Glacier Media Real Estate
Real EstateB.C.’s average residential sale price will edge up in 2019: Canadian Real Estate Association
JOANNAH CONNOLLY (BIV) - British Columbia is expected to lead a year-over-year decline in home sales in 2019, according to a national real estate forecast released this week, but sales in the province will increase slightly.
The average sale price of a B.C. home sold on the Multiple Listing Service next year will be $720,000 – an increase of 0.9 per cent over 2018’s figure, according to the forecast by the Canadian Real Estate Association (CREA).
That’s following a year-over-year increase of 0.6 per cent in 2018 to $713,700 – despite sales plummeting on an annual basis in many of the province’s major markets.
CREA said that, following an overall 24.2 per cent annual decline in home sales across B.C. in 2018, resale transactions would drop in the province by a further 5.2 per cent in 2019. That’s the second-steepest predicted sales drop of all the provinces, after Newfoundland at -7.2 per cent, and a much bigger total volume decline.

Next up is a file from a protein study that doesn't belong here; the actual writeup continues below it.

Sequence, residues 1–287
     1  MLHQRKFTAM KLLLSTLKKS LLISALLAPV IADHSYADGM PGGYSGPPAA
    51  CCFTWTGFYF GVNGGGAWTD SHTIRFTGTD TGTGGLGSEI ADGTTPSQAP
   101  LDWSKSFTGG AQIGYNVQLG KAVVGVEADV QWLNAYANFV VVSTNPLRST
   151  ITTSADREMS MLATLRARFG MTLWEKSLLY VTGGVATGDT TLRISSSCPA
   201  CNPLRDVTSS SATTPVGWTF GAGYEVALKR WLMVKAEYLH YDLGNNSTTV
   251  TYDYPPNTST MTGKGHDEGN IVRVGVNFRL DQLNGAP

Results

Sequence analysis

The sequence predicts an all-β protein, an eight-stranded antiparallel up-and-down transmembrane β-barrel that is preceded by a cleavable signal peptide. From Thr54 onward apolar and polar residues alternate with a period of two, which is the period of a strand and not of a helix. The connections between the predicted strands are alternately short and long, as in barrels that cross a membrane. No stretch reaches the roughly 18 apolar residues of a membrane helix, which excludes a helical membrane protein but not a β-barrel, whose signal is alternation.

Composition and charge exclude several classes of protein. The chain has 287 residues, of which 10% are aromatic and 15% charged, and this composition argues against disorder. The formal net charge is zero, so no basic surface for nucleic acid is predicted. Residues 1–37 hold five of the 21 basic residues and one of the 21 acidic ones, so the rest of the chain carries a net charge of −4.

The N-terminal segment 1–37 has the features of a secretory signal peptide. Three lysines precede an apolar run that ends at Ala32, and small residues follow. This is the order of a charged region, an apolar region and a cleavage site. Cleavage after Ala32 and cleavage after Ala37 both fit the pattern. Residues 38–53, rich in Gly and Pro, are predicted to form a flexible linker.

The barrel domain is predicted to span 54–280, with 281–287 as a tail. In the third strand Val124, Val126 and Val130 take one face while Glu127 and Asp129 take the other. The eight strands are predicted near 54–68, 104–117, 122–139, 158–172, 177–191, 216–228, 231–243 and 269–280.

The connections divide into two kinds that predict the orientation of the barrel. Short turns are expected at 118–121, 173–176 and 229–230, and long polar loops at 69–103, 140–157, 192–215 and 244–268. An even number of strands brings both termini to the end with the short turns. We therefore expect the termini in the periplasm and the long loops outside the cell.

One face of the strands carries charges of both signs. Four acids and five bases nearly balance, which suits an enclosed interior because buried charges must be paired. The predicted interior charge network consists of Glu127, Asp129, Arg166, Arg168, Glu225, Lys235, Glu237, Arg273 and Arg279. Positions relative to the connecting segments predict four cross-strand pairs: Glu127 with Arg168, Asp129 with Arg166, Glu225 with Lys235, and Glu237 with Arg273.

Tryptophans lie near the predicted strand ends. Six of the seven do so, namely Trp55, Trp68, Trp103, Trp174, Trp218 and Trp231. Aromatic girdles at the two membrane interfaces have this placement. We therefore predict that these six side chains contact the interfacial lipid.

This contradicts a B.C. Real Estate Association forecast issued in November, which predicted home sales in the province would bounce back somewhat after a slow 2018.
Across the country next year, CREA predicted that the national average price for a Canadian home sold via the MLS would rise 1.7 per cent to $496,800. Only Newfoundland, Alberta and Saskatchewan are expected to see a lower average sale price next year compared with 2018.
The association revised its projected national residential sales across 2018 to a decline of 11.8 per cent versus 2017, which is 458,000 homes – the lowest in nine years.
"The national forecast has been revised lower... as an anticipated rebound in sales in British Columbia has so far failed to materialize, the recovery in Ontario sales this summer has now run its course and sales activity in Alberta has edged lower. These developments were partially offset by stronger-than-expected sales activity in Quebec," CREA said in its report.